Born in Llanddewi Aberarth, a village on the Ceredigion coast, in 1934, he was a keen footballer in his youth – his passion for the game and for Arsenal, his favourite team, lasted throughout his lifetime. After graduating in Welsh from Aberystwyth University, he taught at Garw Grammar School in Bridgend, before being appointed lecturer at Swansea University. He met Aerona in Blaengarw whom he later married and they went on to have a son, Huw, (the television broadcaster) and a daughter, Meinir. In 1966, the family moved to Llangennech, a village located between Llanelli and Swansea, where he contributed significantly to his community by establishing a literary society in the village, serving as a school governor and an elder in the local Presbyterian chapel, and later becoming a Plaid Cymru Councillor for Dyfed County Council. He died on the 4th of January 2010 and is buried in Llanddewi Aberarth cemetery.
An expert on the life and culture of Wales during Victorian times, Hywel Teifi published his first book on the history of the National Eisteddfod, Yr Eisteddfod 1176–1976 (Gomer 1976), and Gwyl Gwalia: Yr Eisteddfod yn Oes Aur Victoria 1858–1868 (Gomer 1980) is considered to be his magnum opus.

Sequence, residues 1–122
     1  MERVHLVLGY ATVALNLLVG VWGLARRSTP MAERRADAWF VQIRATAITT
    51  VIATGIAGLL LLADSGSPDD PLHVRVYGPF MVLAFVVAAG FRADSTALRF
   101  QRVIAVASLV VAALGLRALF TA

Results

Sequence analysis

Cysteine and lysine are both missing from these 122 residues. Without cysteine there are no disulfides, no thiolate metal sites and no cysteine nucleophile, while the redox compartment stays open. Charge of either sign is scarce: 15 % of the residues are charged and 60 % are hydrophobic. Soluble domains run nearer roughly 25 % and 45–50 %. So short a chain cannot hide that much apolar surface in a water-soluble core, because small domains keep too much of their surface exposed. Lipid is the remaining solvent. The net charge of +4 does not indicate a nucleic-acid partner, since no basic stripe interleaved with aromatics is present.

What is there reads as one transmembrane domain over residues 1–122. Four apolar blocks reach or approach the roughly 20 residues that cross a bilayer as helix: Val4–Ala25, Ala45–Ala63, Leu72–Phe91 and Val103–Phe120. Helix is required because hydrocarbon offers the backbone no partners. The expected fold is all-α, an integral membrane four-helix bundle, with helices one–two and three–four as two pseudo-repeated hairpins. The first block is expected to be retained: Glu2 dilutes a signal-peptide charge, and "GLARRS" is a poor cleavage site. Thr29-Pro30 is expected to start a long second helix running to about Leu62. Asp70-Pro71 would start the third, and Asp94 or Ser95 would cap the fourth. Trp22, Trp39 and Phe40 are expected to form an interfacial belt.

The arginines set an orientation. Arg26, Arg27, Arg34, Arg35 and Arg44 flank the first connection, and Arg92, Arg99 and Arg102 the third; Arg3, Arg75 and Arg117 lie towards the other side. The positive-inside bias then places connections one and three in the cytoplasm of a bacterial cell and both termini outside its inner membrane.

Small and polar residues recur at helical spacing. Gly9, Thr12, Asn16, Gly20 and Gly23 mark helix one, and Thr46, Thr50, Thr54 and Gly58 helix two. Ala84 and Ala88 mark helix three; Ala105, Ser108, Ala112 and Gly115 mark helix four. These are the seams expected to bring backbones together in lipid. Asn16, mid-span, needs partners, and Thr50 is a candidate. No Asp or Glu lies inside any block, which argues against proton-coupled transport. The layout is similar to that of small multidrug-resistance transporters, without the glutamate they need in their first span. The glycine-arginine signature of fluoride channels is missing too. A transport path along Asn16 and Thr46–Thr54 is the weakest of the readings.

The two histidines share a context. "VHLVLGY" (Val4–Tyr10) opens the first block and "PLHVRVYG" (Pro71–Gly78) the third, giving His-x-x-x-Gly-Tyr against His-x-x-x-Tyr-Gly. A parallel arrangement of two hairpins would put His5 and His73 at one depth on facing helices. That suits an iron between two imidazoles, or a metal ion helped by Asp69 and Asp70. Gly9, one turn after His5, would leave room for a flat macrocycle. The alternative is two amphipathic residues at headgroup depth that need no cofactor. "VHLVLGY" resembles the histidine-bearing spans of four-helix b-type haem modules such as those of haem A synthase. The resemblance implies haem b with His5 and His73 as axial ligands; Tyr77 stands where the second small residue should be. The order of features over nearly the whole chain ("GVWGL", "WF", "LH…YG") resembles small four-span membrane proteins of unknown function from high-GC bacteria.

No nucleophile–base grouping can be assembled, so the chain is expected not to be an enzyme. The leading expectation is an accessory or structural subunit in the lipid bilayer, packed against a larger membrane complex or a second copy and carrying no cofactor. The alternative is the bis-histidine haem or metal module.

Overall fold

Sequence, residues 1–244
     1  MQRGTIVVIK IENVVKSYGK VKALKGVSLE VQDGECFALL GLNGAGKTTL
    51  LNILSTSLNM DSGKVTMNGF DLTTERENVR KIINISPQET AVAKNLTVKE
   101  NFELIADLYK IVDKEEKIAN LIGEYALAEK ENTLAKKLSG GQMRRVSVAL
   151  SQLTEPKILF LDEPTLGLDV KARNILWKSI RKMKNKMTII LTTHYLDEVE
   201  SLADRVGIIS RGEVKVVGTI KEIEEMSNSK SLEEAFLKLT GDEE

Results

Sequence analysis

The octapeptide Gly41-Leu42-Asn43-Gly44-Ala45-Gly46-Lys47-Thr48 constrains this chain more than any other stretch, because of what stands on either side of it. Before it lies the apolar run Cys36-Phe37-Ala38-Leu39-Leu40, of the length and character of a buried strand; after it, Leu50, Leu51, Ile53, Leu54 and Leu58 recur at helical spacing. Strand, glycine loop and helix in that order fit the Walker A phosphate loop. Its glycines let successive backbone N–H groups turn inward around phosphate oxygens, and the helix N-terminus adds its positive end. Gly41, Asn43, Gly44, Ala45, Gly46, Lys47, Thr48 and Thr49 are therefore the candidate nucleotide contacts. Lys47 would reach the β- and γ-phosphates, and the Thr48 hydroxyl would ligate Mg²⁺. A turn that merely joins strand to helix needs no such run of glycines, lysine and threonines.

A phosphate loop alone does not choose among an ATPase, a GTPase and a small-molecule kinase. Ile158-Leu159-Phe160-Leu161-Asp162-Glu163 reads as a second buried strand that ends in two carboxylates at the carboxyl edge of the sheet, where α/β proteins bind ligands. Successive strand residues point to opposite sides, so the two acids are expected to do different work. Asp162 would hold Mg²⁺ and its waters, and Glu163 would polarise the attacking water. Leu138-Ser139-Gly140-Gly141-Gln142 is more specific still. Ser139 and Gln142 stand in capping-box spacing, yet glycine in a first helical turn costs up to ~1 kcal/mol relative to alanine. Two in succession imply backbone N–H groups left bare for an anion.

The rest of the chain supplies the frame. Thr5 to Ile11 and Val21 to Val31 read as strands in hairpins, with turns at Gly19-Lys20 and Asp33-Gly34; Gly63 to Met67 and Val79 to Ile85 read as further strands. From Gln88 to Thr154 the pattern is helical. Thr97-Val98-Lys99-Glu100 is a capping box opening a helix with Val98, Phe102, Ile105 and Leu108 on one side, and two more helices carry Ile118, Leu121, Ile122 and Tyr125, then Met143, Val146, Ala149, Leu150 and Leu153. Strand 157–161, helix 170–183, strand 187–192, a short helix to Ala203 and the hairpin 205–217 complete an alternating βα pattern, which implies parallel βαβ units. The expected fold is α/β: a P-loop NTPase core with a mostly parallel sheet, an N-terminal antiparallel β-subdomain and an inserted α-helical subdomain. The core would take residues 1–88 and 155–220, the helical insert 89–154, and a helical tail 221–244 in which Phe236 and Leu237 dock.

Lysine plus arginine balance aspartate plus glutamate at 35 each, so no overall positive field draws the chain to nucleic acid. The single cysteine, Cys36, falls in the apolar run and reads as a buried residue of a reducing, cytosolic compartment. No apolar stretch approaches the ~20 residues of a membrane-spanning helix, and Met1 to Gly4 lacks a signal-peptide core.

Further volumes on Welsh history and literature followed: Codi'r hen wlad yn ei hôl, 1850–1914 (Gomer 1989) and Eisteddfod Ffair y Byd, Chicago, 1893, (Gomer 1990). A scholar who’s roots were very much grounded in the south Wales valleys, he greatly respected those he met in the adult learning classes which he held all over the old coal mining areas, and he wrote a book on the image of the coal mines in Welsh prose and poetry between 1850 and 1950, Arwr Glew Erwau'r Glo (Gomer 1990). He edited 10 unique volumes of Cyfres y Cymoedd which focused on the history and literature of the valleys (Gomer 1993-2003); this was also an attempt to make up for the failure of conveying the experience of the industrial community within Welsh literature.
Video: An appraisal of Professor Hywel Teifi Edwards’ scholarly contribution is available in this lecture by Professor Geraint H. Jenkins.